• Part of the planning process is determining the tasks involved in completing the project. Consider what you want to accomplish and the tasks needed. Then, create a comprehensive list of the assignments and the number of volunteers needed for each task. If there are multiple goals, prioritize them according to each task’s importance. This list will guide you as you recruit volunteers and plan the details of the day. NOTE: Continue the activity only long enough to make your point. It can get tedious if you carry it on too long. When creating your service project task lists, remember to include EVERY step! Refer participants to the Sample Project Task List located in handouts.
  • As you make the task list, outline the costs associated with all items on the list. This will help you create a working budget, which will help you secure needed resources. Even if you receive in-kind services or donations, you must accurately document them. You must be able to provide donors with information for tax deductions, and you must maintain accurate records for internal and external reporting purposes.  
  • An important part of the project-development process is determining the resources you need to complete the project, including human, material, financial, and educational resources.
  • You have already created a task list; now, determine the number of volunteers you need to complete these tasks. Establishing volunteer needs can be a challenge. Consider these variables: Volunteer skill levels: Is the work appropriate for beginners or do you need more skilled volunteers? Volunteer age: What is the age limit for the project? Duration of project: What is the time commitment required? Availability of supplies: Will you have enough supplies so that every volunteer has the necessary tools to be occupied throughout the project? Physical space available to perform the work” How large is the service site? How many people can comfortably work there?
  • Team Leader programs are valuable resources. The Project Leader could assumer responsibility for the project from start to finish. Additional leaders may be helpful in the case of a larger project. You can structure the volunteer leadership team like this. The VM helps provide oversight over all elements of volunteer management, from registration to recognition. Task Leaders are responsible for specific things, such as painting or landscaping. They usually are skilled in this area and can help manage everything related to that specific thing. Project Captains assist with on-site management and work with small teams of volunteers. For example, the TL could be responsible for 3 teams of painters, each of which is lead by a PC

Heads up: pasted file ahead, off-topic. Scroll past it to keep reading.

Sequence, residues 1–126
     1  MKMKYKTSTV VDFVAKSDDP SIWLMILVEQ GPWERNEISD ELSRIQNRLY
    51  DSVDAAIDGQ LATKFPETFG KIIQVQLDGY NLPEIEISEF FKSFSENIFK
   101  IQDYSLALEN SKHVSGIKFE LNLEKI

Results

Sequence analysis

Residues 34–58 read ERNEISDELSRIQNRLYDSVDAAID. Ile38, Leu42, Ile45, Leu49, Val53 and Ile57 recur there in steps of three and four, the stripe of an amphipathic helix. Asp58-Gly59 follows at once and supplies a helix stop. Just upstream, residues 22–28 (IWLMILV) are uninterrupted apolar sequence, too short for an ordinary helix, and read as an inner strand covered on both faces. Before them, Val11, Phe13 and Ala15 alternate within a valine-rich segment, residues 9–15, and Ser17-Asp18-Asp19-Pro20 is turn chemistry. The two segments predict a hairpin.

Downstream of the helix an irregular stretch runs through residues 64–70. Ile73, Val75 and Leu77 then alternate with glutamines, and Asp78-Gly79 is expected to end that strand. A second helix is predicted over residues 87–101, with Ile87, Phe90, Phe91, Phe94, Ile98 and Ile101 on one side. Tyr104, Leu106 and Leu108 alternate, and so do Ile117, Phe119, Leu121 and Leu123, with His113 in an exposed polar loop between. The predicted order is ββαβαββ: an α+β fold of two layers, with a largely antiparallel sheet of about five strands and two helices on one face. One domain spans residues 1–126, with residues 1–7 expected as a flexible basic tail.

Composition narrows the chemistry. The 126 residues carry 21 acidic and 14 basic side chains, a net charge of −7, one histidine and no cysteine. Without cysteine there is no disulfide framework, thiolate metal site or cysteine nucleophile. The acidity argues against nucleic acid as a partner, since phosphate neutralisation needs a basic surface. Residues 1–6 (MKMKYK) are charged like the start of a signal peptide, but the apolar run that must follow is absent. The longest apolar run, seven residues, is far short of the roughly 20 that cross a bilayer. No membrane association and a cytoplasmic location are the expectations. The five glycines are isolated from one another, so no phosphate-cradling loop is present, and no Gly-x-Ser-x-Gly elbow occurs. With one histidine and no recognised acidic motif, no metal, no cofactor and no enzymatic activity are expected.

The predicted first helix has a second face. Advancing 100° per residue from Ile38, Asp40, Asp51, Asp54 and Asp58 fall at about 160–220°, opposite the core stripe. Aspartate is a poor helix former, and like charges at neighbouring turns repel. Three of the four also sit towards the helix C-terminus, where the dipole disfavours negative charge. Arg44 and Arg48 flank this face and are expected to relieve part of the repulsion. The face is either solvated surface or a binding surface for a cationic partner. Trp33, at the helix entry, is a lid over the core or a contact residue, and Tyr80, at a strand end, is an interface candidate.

• Provide a variety of opportunities to encourage involvement. Volunteers that aren’t ready for volunteer leader roles can fill other positions such as: (read the slides).
  • In addition to assessing your volunteer needs, you will also need to address your tangible resource needs. Determine what supplies, materials, goods, and services you need in order to complete your project. With your project partners, strategize about the types and amounts of resources that are needed. Make your list as comprehensive as possible, including resources for every aspect of the project from nametags and refreshments for volunteers to tools and restroom facilities. You will be able to work with your project partners as well as your national service program partners to secure many of the resources at no cost. In addition, think about businesses, community members, and other organizations. What resources can they offer to help you carry out the project? Consider things such as supplies, meeting space for volunteer orientation, printing of marketing materials, and consulting/professional services. While in-kind contributions will help you complete the project, some items will require financial resources. As you list the supplies and materials needed for the project, note the ones that you will need to pay for. How many financial resources will you need to cover these expenses?